County Council members no longer address each other and witnesses at public hearings and meetings by their first names, as they did in the recent past, except for Frank Casula, the council chairman, who's been around for a while.

The council now meets in the county office building, of course, but it's no longer new. It's so old, in fact, that the new administration is about to renumber and reassign spaces in the adjoining 800-car garage. "People back from the Winfield Kelly administration are still using stickers," said Tim Ayers, aide to Parris Glendening, the new county executive.

On Main Street, meanwhile, the old filling station is a drive-in bank, and Buck's general store has become a law office (making the green-and-white cap I once bought there something of a collector's item, no doubt). For years, the road was labeled Rte. 408. Inexplicably, it is now Rte. 725.

The thoroughfare through town is still a fixture but maybe not for long. Under the long-awaited Upper Marlboro Plan, a brick walkway connecting the county office building and the courthouse is to bisect and partially close it. Who will pay for the pathway remains to be seen. "Others," Glendening says.

The plan proceeds nonetheless, with the completion of the Gabriel Duvall Law Building, the first of many projected. Built by the Kidwells of College Park, possibly the county's premiere office builders, the four-story brick colonial structure with white columns faces the future pedestrian walkway.

It is named after a Prince Georgian of Huguenot ancestry who capped his career with an appointment to the U.S. Supreme Court in 1811.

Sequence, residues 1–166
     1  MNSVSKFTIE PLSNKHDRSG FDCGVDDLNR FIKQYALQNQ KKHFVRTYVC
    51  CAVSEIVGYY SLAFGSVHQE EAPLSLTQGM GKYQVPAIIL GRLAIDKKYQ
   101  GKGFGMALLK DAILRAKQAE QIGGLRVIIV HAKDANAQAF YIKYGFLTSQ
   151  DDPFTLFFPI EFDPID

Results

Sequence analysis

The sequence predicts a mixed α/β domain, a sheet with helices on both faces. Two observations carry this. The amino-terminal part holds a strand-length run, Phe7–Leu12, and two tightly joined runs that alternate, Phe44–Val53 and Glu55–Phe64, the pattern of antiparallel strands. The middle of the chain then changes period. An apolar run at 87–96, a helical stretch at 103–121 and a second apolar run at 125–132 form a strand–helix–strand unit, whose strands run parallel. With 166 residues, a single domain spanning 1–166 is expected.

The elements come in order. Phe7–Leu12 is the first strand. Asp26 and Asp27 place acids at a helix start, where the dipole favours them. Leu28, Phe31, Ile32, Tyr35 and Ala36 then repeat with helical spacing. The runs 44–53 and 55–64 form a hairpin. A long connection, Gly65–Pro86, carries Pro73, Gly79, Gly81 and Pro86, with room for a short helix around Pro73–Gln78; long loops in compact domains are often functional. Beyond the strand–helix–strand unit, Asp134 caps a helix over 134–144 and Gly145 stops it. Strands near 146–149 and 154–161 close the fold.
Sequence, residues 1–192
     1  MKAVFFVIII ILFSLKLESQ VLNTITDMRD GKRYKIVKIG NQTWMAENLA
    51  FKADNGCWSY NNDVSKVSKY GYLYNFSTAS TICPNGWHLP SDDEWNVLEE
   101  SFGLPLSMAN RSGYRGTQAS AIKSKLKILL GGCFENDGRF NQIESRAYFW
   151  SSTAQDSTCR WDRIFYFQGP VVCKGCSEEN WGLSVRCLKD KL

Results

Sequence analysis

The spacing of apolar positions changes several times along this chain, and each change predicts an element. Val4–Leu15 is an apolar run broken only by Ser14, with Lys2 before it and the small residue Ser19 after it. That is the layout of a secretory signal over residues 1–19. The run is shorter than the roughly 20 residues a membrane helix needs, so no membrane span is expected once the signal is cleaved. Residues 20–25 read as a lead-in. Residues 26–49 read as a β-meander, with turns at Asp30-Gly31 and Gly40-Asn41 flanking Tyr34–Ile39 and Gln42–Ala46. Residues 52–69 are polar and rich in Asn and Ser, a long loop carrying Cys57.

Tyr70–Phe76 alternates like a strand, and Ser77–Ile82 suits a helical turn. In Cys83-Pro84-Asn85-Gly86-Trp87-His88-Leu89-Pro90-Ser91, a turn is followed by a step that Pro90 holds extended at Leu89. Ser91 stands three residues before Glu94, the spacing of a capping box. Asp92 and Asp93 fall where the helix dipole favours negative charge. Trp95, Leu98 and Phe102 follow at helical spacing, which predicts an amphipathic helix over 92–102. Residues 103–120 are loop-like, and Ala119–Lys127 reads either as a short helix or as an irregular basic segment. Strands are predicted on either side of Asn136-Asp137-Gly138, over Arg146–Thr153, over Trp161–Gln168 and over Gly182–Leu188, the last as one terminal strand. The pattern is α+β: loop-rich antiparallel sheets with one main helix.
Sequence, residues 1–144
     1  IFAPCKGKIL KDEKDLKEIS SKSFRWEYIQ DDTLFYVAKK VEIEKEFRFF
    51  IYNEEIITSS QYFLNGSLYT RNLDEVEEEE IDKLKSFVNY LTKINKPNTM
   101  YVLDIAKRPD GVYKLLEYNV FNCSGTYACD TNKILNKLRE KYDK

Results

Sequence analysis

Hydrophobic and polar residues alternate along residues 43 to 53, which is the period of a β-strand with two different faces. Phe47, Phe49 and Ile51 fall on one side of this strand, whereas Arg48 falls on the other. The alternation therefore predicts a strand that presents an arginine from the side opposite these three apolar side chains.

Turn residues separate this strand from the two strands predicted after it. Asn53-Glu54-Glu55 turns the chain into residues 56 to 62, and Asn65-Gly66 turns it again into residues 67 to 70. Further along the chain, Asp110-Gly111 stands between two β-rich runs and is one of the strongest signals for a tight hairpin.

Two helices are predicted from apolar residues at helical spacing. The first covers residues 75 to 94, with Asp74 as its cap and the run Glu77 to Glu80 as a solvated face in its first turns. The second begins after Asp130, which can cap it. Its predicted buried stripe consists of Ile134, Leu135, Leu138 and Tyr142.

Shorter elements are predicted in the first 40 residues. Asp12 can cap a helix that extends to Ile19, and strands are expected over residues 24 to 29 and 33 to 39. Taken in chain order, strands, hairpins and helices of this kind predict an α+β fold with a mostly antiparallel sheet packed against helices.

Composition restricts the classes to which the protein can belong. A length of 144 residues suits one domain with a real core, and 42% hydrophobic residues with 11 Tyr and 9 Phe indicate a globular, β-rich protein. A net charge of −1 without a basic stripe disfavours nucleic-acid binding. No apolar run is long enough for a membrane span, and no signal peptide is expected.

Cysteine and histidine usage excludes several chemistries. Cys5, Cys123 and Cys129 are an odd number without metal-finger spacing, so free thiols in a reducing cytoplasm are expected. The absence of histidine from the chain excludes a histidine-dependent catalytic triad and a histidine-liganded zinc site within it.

Underscoring coming changes, the Suburban Bank has just moved into the new Duvall building from the old Farmers and Merchants Bank building. The former office on Main Street was smack in the path of the walkway and thus slated for demolition.

"You know, tear down, put up," observed Billie Hill, who sits at the county administration building information desk and is a veteran observer of the Marlboro scene.

A new state office building, scheduled to go up under the Marlboro plan, will bring several hundred additional daytime inhabitants to the town, where the full-time population grew in the 1970s by 28.2 percent, to 828 by census count.

School House Pond, a five-acre flooded mill stream, has survived all changes hereabouts, while undergoing some of its own. In recent years, it had become a breeding ground for algae and silted in to a depth of two or three feet. The government has spent $709,000 to dredge it to seven feet, deep enough for fish and wildlife.